Claire and Mark Rudnicki — friends, neighbors, and former St. Joseph parishioners — told Andrejasich that Resurrection Mary could be traced to the 1940s, when a young Polish girl crashed near Resurrection Cemetery at around 1:20 a.m. after she took the family car to visit her boyfriend in Willow Springs. According to this version of the story, the girl was buried in a term grave at Resurrection. Appropriately, Andrejasich wonders why a couple that owned a car in the 1940s would need to bury their daughter in a term grave.
Adding to the explanations was another parishioner, Ray VanOrt, who tells how he and his bride-to-be were the first witnesses at the scene of an accident on Archer in 1936, when a black Model A sedan collided with a wide-bed farm truck at 1:30 in the morning, while both witnesses and victims were traveling home from the old Oh Henry Ballroom, now the Willowbrook. According to VanOrt, of the two couples in the car, only one person survived, a girl who was badly hurt. Both men and another girl perished. Today, VanOrt is convinced that this was the accident that killed our would-be Resurrection Mary.
Still another parishioner told Frank that the wayward wraith was, in life, Mary Miskowski of the South side Chicago neighborhood of Bridgeport. In this narrative, Miskowski was killed crossing the street in late October in the 1930s, on her way to a Halloween party.
After pondering the variety of accounts, combing early editions of the local papers, and checking with funeral directors and cemetery managers, Andrejasich came to believe that the ghost known as Resurrection Mary is the spiritual counterpart of the youngest of all the candidates: a 12-year-old girl named, surprisingly, Anna Norkus.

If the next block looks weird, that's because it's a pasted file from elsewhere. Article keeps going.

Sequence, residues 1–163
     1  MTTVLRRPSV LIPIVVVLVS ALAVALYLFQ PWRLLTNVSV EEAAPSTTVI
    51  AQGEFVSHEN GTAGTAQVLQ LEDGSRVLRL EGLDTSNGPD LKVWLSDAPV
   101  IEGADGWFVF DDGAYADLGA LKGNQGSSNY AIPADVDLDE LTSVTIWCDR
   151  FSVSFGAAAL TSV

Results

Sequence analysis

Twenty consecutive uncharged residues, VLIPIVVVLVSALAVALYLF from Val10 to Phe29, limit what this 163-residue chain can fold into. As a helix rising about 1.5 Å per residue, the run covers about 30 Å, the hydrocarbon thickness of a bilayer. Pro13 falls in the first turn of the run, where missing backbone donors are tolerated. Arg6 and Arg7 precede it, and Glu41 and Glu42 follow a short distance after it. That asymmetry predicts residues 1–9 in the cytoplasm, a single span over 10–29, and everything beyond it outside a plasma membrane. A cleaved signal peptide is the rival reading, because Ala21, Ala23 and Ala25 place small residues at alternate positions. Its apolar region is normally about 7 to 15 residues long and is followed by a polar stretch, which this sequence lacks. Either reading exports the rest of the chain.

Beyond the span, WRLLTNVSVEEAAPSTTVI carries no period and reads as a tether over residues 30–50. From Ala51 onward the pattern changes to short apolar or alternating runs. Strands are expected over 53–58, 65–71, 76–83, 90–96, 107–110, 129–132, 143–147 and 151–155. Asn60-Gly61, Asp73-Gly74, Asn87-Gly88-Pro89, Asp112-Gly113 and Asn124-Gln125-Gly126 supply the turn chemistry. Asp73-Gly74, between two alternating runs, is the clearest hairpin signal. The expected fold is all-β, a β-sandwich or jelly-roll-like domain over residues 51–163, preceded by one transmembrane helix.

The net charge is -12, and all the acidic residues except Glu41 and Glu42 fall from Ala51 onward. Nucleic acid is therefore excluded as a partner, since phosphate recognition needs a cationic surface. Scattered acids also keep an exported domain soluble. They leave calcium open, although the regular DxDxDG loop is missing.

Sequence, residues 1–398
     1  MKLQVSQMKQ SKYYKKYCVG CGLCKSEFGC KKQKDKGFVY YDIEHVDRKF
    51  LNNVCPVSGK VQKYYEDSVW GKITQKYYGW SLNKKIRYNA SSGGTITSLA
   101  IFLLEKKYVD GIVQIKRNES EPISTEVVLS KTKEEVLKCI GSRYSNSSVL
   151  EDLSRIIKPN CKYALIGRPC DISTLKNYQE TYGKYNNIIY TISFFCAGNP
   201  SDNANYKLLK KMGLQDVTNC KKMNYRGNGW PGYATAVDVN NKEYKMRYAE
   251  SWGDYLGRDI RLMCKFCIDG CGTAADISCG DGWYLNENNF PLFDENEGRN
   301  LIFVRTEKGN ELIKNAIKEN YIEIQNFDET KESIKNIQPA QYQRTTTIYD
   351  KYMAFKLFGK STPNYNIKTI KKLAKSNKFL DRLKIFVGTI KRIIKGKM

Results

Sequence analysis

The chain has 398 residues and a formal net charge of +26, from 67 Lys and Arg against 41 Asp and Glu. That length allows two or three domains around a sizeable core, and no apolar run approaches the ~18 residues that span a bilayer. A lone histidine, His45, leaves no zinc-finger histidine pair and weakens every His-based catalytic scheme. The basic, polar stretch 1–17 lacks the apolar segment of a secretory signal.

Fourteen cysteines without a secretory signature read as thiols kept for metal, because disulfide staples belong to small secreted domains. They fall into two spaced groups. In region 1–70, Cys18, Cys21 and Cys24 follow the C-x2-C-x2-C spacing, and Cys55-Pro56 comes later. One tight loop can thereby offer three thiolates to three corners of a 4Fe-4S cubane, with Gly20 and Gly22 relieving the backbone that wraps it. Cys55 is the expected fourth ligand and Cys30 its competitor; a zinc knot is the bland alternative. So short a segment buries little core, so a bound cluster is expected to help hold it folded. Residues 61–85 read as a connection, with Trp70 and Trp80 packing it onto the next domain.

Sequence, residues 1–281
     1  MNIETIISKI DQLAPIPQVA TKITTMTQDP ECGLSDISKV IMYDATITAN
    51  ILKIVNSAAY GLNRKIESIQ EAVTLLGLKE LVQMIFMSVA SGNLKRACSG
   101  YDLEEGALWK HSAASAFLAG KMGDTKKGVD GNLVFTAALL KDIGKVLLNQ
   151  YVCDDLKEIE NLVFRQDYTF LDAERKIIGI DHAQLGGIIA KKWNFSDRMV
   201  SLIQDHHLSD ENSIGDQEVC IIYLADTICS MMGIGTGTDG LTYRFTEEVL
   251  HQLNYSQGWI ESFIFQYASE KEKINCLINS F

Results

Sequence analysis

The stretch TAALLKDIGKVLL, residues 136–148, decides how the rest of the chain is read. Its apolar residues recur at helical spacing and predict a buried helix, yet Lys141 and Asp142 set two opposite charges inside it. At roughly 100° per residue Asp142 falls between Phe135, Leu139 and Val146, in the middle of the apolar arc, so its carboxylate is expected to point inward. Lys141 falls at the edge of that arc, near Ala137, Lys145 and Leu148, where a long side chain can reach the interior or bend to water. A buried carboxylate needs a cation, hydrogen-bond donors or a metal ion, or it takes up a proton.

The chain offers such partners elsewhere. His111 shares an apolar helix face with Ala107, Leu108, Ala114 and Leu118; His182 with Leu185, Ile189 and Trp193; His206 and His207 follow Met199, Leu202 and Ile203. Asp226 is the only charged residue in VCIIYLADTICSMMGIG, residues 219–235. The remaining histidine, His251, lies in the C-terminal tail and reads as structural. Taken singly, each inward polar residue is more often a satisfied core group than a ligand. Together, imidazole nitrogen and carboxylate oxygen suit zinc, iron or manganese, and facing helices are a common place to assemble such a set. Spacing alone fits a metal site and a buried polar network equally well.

Born in Cicero, Illinois in 1914, Norkus was given the name of Ona, Lithuanian for Anna. In that era, it was not the custom to christen infants with two names. But after 1918, children were baptized with a Christian name and an historic name to further pride on their main country. As a young girl, Anna’s devotion to the Blessed Mother led her to begin using the name Marija, Mary, as her middle name. By the time she neared her teenage years, Anna had grown into a vivacious girl. Blonde and slim, she loved to dance, and it was her relentless begging that convinced her father, August, Sr., to take her to a dancehall for her 13th birthday. On the evening of July 20, 1927, father and daughter set out from their Chicago home at 5421 S. Neva for the famous O Henry Ballroom, accompanied by August’s friend, William Weisner, and Weisner’s date. On their drive home, at approximately 1:30 a.m., the travelers passed Resurrection Cemetery via Archer Avenue, turning east on 71st Street and then north on Harlem to 67th Street. There, the car careened and dropped into an unseen, 25-foot-deep railroad cut. Anna was killed instantly.
After the accident, her father, August Norkus was subject to devastating verbal abuse, even being told that Anna’s death had been God’s punishment for allowing the girl to go dancing at such a young age. In reality, the blame rested with the Chicago Streets Department, who had failed to post warning signs at the site of the cut. In fact, another death, that of Adam Levinsky, occurred at the same site the night after Anna’s demise.